What does internet regulation have to do with the financial crisis?

Nothing.  And yet (via Instapundit),

Earlier this week, the Washington Post reported on another little Easter egg in a bill cruising through Congress that would normally have followed Nancy Pelosi’s policy of discovery ex post facto. Democrats have pushed hard to get the financial-regulation reform bill unstuck in the Senate, mainly playing on class-warfare themes in painting the GOP as the party of eeeeeeevil Wall Street robber barons. However, the House version of the bill contains provisions that would put the Federal Trade Commission in position to start issuing rules on Internet transactions that would not only slow down business growth but also have no relevance at all to the financial collapse that prompted the bill. 

I’m not trying to argue that these hidden gems are in any way meaningful.  I’d note that this is about trade (although that’s not a problem that should need a solution at this time), and in no way threatens communication.  But it’s puzzling, none the less.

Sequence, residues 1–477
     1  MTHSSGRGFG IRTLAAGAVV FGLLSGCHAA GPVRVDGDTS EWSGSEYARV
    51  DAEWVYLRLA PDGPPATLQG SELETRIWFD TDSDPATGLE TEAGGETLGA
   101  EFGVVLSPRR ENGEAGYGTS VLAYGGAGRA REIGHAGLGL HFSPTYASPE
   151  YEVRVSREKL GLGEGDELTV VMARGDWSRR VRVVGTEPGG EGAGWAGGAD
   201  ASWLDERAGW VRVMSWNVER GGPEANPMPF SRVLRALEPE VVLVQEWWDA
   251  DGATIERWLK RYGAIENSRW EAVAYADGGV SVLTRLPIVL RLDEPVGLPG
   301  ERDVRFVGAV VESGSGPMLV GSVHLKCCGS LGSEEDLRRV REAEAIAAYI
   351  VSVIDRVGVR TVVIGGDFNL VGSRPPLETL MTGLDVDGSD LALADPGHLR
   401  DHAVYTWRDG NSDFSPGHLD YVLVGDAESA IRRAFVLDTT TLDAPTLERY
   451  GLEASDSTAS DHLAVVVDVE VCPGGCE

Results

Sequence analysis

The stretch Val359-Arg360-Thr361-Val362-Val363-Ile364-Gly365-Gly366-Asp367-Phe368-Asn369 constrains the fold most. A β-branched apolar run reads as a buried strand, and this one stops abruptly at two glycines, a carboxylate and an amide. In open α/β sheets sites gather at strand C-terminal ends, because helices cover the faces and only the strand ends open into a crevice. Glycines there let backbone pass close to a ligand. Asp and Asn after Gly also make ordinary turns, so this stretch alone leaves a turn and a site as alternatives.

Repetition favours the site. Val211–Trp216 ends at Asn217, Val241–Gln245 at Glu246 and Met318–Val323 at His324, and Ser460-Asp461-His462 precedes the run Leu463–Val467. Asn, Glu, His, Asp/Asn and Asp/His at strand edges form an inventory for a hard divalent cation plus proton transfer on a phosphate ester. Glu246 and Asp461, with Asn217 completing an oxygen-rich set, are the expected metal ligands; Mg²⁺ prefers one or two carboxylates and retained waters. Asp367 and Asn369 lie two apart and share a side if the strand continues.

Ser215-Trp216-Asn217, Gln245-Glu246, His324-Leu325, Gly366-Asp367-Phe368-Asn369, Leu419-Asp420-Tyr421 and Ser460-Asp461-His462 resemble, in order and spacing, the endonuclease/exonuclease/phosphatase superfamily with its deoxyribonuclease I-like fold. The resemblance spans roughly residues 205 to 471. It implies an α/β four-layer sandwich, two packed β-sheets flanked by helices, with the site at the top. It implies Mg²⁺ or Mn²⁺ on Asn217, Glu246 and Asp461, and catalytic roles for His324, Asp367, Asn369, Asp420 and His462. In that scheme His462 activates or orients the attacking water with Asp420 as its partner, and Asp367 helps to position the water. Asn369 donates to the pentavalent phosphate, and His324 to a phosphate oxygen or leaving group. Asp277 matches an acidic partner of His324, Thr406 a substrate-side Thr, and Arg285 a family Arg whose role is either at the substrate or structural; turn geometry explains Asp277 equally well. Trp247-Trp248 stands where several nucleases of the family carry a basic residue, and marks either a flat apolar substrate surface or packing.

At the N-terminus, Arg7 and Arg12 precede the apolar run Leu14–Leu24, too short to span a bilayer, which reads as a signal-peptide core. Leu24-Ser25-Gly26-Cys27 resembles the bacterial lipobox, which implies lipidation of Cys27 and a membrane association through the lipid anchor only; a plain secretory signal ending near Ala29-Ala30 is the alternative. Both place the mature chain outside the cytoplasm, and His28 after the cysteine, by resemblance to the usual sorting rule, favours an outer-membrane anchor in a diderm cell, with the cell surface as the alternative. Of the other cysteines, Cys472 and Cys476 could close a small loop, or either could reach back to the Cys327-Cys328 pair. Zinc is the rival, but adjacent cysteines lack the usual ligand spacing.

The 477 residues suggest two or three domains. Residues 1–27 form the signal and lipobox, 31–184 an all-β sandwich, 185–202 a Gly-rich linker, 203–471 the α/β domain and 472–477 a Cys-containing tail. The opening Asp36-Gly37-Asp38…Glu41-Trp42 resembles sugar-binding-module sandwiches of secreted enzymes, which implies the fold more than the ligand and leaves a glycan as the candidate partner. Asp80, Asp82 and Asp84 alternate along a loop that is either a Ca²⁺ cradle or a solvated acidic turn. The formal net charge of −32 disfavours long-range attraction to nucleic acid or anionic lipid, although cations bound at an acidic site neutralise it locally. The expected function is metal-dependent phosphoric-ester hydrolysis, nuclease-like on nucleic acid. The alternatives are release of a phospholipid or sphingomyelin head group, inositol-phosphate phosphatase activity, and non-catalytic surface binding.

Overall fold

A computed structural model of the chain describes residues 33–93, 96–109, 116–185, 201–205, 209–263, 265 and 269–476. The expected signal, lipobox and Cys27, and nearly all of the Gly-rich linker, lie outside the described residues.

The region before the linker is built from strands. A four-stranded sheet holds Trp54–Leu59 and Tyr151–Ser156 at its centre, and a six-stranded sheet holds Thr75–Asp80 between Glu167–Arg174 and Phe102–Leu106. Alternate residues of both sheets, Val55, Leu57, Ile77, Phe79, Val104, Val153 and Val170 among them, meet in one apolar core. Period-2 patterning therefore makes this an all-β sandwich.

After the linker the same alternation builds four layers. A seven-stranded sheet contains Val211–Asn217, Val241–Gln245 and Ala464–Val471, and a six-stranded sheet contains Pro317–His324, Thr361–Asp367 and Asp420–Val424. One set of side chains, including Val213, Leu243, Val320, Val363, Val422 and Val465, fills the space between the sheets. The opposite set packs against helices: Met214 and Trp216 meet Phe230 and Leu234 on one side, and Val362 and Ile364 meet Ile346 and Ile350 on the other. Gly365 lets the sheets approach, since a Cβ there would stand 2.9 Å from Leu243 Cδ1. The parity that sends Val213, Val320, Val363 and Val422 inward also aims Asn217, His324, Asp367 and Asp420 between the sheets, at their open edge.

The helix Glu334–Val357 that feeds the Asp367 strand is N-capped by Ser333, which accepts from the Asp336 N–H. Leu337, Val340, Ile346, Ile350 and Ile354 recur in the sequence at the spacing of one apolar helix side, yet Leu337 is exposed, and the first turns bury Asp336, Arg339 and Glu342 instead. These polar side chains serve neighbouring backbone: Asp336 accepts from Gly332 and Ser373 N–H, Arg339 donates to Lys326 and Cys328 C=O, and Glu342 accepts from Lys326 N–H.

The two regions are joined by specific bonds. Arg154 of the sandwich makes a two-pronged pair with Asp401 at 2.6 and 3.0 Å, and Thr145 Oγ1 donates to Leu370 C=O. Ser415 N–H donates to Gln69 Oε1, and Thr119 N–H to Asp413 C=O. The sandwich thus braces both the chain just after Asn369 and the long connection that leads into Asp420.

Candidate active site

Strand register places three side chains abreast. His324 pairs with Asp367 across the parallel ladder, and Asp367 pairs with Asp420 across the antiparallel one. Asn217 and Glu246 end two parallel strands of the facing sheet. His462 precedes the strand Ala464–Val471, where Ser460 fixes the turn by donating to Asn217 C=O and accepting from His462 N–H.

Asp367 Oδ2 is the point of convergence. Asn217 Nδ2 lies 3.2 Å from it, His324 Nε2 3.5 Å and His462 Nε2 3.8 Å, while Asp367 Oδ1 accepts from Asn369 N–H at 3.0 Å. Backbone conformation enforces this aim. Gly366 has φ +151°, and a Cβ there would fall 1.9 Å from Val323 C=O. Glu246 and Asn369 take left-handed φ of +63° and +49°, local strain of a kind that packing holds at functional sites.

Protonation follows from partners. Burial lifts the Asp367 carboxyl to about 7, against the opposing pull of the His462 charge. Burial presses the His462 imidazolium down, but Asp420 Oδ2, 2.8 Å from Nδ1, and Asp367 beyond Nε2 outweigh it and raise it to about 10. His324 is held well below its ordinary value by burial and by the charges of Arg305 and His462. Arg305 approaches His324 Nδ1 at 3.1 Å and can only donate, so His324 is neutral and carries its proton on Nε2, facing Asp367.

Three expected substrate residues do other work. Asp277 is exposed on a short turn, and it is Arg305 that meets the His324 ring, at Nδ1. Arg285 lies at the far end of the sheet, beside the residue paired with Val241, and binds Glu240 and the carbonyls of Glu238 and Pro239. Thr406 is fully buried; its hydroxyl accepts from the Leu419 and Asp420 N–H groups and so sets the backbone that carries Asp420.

This is just another example of something that can be avoided if we were to limit federal bills to only the topic at hand, as I wrote about here.  If this aspect of the legislation is necessary, and I think that’s a big if, let it stand on its own.


One Response

  1. […] do with the financial crisis? Posted on May 12, 2010 by Lyssa Like the apparent connection between the financial crisis and internet regulation, we are expected to simply trust congress to do what’s best for us, hiding and burying […]

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